Fern sat them all down with difficulty as the younger ones were getting over-excited by pretending it was Christ Mass for real and demanding presents. She and Fierce dished out the food then she recited a brief Wiccan prayer over them all. “May Gaia and God bless you and our meal today,” she smiled with her arms outstretched. “May the four elements of nature, the quintessence, the Sun, the Moon and all the planets guide our footsteps onto paths of good fortune and good health. May our hearts and souls shine forth with the light of love and dispel all doubt and darkness.”
Harold found them all staring at him. “Well, what are you waiting for?” he said awkwardly. “Eat!”
“It’s a custom in this world,” Fern explained as she sat down on the chair to his right. “At formal family meals and especially at Christ Mass, the father or the head of the household has to say something inspirational before anyone can eat.”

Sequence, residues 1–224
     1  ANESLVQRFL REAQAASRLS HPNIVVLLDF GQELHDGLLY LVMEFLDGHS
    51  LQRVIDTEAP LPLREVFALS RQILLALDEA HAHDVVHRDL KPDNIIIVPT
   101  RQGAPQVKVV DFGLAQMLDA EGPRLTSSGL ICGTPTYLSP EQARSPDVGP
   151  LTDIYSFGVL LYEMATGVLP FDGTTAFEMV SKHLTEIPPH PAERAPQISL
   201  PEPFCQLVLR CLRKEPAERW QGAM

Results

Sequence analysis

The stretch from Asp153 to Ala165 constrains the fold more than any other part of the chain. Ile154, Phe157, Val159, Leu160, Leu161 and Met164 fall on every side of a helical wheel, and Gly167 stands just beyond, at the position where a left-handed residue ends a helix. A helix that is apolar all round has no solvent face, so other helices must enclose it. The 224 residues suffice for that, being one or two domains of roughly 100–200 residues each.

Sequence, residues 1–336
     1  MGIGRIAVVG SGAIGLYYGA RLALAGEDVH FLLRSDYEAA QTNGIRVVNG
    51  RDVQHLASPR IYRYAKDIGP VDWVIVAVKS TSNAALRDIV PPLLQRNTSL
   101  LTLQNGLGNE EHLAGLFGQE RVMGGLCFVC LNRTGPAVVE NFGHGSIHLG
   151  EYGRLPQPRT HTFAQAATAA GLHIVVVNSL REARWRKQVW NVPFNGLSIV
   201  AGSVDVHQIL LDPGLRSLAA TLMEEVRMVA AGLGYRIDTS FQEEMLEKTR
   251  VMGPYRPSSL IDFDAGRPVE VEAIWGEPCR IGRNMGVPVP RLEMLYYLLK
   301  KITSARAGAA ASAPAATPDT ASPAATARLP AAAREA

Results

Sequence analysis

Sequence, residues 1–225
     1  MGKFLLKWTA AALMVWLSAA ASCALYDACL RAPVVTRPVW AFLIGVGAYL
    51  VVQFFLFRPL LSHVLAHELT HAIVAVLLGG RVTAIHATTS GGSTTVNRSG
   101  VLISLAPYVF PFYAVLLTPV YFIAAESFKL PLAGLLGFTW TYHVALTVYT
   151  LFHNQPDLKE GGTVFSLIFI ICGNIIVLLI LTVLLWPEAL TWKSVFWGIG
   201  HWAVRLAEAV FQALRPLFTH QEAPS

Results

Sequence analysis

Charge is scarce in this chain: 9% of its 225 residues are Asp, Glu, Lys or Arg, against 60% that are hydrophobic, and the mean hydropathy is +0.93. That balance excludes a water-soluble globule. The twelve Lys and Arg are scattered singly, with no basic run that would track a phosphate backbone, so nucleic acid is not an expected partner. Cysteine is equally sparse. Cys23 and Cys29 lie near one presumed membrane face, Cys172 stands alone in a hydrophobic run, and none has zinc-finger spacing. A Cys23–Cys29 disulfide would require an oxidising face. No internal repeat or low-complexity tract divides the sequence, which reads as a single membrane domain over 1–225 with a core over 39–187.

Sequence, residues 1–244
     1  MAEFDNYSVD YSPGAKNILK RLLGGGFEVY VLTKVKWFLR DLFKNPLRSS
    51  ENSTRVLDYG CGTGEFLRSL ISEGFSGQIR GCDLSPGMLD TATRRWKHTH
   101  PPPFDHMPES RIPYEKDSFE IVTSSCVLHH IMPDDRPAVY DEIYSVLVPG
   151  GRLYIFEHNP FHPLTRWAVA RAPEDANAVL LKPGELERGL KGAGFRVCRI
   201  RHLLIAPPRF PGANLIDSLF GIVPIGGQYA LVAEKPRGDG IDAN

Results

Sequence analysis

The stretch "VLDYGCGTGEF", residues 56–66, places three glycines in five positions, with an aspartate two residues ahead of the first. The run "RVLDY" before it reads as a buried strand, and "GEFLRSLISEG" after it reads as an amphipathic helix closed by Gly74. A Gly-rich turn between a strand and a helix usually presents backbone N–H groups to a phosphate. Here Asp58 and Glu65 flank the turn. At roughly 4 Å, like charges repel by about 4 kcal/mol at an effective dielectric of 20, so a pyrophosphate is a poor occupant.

Harold stood and clattered noisily as he had forgotten to remove his cumbersome utility belt. “Ah, excuse me,” he muttered, red-faced. He undid the buckle and placed the belt next to his sword on the floor. “Look, I know we’re all worried about going to the Great Abbey,” he began. “But the more I learn of Mother Moss, the more I am learning to trust her foresight and her judgement. I have not been your Light-Father long but, as a father, I could not be prouder of my new family and I am sure we will go on to honour her wishes and her memory. Now let’s eat or Mother Fern’s efforts will be wasted!” He was impressed that none of them touched their food until he’d savoured his first mouthful.
“Well, Light-Father?” Fern prompted anxiously. “Do you find it acceptable or have I added too many herbs and spices?”